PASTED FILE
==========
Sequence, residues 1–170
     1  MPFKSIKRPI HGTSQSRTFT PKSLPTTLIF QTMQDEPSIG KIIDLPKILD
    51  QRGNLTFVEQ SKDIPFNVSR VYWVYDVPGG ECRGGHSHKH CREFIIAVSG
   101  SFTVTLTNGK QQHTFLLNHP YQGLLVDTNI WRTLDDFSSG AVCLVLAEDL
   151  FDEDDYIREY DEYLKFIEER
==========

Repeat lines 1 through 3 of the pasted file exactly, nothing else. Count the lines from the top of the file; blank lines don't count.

Sequence, residues 1–170
     1  MPFKSIKRPI HGTSQSRTFT PKSLPTTLIF QTMQDEPSIG KIIDLPKILD
    51  QRGNLTFVEQ SKDIPFNVSR VYWVYDVPGG ECRGGHSHKH CREFIIAVSG